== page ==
Despite personal hardships, shifting polling sites, frustration and anger over electronic and provisional ballots, and confusion and miscommunication regarding new voting rules, New Jerseyans made on thing clear on Tuesday: they wanted to exercise their right to vote.
Turnout was high throughout much of the state, despite reports of voting irregularities that included jammed fax lines; email inboxes filled to overflowing with requests for ballots; shortages of provisional ballots at many sites; and gloomy polling places lit only by generator power.
And that's the short list.
“We have so little control over anything right now,” said one Romney voter from Belmar whose power was restored just last night. “That made it all the more important to me to come here and take advantage of our ability to exercise control over something this meaningful.”
That sentiment was echoed by many in the Garden State, even those whose homes or businesses were decimated by Superstorm Sandy.
More Ways to Get the Vote Out
Despite the many problems voters encountered on Tuesday, which are sure to affect local elections -- if not the presidential and congressional elections -- many praised the state’s attempt to give residents more ways to cast their ballots.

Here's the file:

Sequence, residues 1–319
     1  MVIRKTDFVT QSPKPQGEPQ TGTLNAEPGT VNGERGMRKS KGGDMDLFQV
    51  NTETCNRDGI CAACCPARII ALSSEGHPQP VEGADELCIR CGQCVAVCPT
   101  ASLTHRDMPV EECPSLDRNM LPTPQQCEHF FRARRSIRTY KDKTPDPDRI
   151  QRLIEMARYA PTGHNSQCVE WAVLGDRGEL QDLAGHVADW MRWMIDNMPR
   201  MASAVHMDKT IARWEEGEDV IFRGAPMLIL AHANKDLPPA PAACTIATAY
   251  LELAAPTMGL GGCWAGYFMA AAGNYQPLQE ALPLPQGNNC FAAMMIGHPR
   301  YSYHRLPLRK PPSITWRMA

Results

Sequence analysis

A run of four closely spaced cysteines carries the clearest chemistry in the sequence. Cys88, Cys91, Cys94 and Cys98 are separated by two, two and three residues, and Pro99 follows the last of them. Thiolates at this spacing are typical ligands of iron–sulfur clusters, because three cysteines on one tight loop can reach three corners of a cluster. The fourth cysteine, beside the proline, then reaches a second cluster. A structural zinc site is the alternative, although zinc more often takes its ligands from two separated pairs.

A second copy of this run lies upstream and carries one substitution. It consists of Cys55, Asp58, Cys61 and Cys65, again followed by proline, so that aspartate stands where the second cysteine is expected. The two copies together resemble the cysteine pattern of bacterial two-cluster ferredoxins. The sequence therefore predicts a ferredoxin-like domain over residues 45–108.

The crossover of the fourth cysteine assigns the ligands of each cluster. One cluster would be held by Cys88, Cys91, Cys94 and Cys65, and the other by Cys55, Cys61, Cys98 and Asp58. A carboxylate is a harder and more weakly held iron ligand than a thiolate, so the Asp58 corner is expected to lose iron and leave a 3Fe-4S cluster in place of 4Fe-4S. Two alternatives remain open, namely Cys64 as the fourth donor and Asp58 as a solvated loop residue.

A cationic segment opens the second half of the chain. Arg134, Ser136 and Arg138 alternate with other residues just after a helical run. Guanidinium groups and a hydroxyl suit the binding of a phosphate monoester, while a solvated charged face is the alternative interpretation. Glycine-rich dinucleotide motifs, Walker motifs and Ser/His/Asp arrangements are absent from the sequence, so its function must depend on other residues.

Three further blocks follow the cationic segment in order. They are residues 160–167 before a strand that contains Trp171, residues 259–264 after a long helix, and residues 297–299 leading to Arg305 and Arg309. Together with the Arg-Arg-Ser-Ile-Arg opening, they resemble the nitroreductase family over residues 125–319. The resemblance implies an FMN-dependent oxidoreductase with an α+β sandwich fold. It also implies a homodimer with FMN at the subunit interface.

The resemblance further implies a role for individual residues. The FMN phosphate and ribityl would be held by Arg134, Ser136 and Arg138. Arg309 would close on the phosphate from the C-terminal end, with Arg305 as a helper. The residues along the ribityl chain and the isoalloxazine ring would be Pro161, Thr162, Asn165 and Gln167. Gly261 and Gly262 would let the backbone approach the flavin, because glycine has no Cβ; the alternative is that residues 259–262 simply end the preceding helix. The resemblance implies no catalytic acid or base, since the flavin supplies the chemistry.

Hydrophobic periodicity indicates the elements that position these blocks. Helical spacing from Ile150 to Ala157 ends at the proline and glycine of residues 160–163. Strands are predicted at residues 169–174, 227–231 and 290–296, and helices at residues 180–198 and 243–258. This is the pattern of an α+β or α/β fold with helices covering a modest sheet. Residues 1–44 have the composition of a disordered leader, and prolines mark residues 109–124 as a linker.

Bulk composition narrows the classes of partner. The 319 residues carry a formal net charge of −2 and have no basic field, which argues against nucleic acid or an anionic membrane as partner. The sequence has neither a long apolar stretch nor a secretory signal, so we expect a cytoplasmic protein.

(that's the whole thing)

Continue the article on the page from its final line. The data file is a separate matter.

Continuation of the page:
“This was an extraordinary election,” said Kerry Margaret Butch, executive director of the New Jersey League of Women Voters.
“We saw a lot of [irregular] activity, but given the number of people displaced, I have to applaud the efforts of the state," she added.
Not all residents were as pleased, particularly with the problem of electronic voting.
Lt. Governor and Secretary of State Kim Guadagno had issued an order to allow voters to request an electronic ballot from their county clerk’s office via fax or email. Initially, displaced voters were told they would be sent an official ballot by the same method and that they would have to return it by 8 p.m. Tuesday.
But due to complaints that fax lines did not pick up and email was not returned, the Division of Elections extended the deadline for response by county clerk’s offices until Friday at noon. Voters will have until 8 p.m. on Friday to submit ballots.
“Our fax machine is burnt out,” said Eva O. Yanez, Essex County election supervisor, who started receiving email and fax ballots on Monday. But her office was also trying to field calls from voters who were nervous that their ballots had gotten lost in cyberspace.
Due to the widespread confusion about electronic voting and shifting polling places -- Essex County alone moved 57 sites -- voters were being advised by election watchers such as the American Civil Liberties Union to request a provisional ballot from any polling place in the state. Even if the ballot did not include local races, statewide votes would still be recorded.
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